Jay Ambrose: Since when is it heroic to retreat when you perceive your country is in need? Why not fight the good fight to fix whatever you think is broken?
Senator Evan Bayh of Indiana is a likeable, more or less reasonable Democrat who believes we're now in a time of "national peril," that Congress is proving more problem than solution and whose own solution is to get the heck out of Dodge.
Well, out of Congress, actually. He is retiring because he thinks the place is a mess. His thesis expressed in a New York Times op-ed piece is that it has ceased to function because of ideological fixations, partisanship, abuse of rules, special interests and a lack of comity between the two major parties. He believes a greater effort at consensus is crucial.
To some, all of this makes him something of a hero. The intellectual fad of the moment, coming at us chiefly from the left, is that the nation has become "ungovernable," and because Bayh is beating this drum, he is being cheered.
But since when is it heroic to retreat when you perceive your country is in need? Why not fight the good fight to fix whatever he thinks is broken? He may not be morally obligated to try to hang on in difficult circumstances, but heroic? Not a minute of it.
Nor does his thesis do more than nibble at the edges of the central issue in Washington these days, which is that incompetent leaders in Congress and the White House are attempting to jam a disastrous agenda down the throat of a reluctant nation.
This is the chief ideological issue -- a sense by the Democrats that their control of both Congress and the White House is a chance at last to give us a society imitating the crumbling semi-socialist societies of Western Europe. The arrogance has been as unbelievable as the incompetence of Senate Majority Leader Harry Reid, House Speaker Nancy Pelosi and President Barack Obama, who now has a new health care proposal that is pretty much same o' same o.'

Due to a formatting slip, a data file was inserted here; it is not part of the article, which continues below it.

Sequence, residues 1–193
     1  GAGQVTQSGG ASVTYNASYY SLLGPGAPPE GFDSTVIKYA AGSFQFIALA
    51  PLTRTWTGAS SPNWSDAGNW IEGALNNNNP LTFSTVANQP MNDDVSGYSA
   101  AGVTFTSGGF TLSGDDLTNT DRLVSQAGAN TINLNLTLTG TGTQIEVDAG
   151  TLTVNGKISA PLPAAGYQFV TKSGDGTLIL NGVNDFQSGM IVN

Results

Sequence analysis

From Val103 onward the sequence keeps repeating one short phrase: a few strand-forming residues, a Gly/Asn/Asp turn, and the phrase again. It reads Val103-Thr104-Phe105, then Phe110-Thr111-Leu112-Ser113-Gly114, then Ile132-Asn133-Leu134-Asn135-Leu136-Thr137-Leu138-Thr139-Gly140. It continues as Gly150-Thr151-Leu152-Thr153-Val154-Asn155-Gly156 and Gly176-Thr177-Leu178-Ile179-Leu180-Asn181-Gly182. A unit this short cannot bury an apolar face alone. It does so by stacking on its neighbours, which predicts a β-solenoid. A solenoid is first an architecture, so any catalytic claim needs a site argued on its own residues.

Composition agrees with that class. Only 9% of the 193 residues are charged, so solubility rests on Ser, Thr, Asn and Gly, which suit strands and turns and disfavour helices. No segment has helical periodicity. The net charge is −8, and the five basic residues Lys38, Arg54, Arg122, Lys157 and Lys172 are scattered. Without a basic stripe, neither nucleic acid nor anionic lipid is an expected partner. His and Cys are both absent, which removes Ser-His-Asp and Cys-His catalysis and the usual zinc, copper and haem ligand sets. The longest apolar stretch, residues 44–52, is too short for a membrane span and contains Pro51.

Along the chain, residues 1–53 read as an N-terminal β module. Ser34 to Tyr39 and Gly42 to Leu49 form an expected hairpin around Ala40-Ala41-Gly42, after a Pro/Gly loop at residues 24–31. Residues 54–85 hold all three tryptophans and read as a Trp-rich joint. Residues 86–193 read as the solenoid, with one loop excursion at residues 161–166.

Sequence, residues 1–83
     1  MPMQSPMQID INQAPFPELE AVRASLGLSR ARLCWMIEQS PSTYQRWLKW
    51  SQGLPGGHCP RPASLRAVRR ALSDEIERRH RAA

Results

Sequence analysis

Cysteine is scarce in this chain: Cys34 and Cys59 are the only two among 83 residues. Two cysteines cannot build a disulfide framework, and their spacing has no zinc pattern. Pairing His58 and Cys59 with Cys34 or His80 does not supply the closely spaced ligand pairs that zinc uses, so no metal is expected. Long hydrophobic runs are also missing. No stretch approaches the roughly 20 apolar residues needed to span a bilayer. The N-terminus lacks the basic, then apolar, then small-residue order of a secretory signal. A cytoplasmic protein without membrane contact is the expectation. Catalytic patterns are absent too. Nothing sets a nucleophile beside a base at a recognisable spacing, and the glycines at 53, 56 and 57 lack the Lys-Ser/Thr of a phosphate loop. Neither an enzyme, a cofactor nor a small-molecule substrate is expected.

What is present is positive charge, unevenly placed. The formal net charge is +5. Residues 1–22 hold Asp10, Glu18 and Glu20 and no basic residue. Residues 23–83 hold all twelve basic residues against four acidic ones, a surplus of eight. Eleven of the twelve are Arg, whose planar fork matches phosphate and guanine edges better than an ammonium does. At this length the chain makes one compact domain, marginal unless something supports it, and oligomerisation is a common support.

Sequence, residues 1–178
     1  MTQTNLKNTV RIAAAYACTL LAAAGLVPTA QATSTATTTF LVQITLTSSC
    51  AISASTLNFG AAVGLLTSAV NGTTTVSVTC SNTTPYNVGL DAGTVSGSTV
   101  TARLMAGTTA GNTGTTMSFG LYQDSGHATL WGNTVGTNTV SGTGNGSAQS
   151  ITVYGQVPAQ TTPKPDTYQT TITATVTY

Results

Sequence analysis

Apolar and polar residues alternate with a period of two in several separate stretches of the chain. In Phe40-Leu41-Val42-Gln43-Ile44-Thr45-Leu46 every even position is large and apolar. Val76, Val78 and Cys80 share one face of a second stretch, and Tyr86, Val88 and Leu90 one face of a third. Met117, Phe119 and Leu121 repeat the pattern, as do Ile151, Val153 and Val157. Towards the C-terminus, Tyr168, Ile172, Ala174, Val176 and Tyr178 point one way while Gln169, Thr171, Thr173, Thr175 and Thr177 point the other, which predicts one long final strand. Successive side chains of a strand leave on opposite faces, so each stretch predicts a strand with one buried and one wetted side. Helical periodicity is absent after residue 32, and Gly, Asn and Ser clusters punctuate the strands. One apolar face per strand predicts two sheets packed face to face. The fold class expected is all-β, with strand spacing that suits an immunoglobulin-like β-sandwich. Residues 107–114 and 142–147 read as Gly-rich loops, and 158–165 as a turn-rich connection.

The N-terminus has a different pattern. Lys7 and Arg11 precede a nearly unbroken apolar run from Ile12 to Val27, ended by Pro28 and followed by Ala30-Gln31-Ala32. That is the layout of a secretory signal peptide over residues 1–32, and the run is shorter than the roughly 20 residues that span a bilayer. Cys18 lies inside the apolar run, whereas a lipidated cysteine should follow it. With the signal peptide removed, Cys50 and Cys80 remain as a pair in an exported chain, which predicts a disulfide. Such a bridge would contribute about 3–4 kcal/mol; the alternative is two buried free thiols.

It is still a sweeping new entitlement that could worsen joblessness through its demands on businesses, unconstitutionally strips liberties from the people and comes on top of old entitlements -- Medicare, Medicaid and Social Security -- that pose a ruinous debt threat without any assistance from the White House, thank you. It would address Medicare through benefit reductions to current recipients instead of making adjustments for future recipients and does very little to address some current problems that could in fact be relieved by inexpensive, prudent ideas.
That's where the Republicans come in. They have such ideas, among them tort reform, selling health insurance across state lines and giving refundable tax credits to individuals instead of insurance tax breaks to employers. Instead of $1 trillion the first 10 years and $2.5 trillion each 10 years after that, this approach would cost very little depending on the method of implementation, would not risk massive unintended consequences and would not push us toward a day when the government controls every aspect of health care from maternity ward to hospital death bed.
Stopping this kind of complicated, involved, thousand-page legislation that Reid and Pelosi initially aimed to rush through Congress with minimal discussion or revelation is not a lack of government. It is government at its very best. It is government protecting us from doom. It is government responsive to analyses of experts and an increasingly skeptical public, and you might hope we could have more of that.
We'll see. Obama and gang have not given up. For them, it's full speed ahead.
And here is where Bayh is also amiss. He deems it time to re-jigger a filibuster rule that Democrats loved when they were in the minority so that Republicans cannot use it as easily to block the health bill and various other major, controversial measures. And yes, you can reduce various checks and balances aimed at limiting government, and some will applaud as long as it's their side in power. But there are those of us who would argue that you have not thereby made Congress a better, more responsible institution.
Jay Ambrose, formerly Washington director of editorial policy for Scripps Howard newspapers and the editor of dailies in El Paso, Texas, and Denver, is a columnist living in Colorado. He can be reached at SpeaktoJay@aol.com.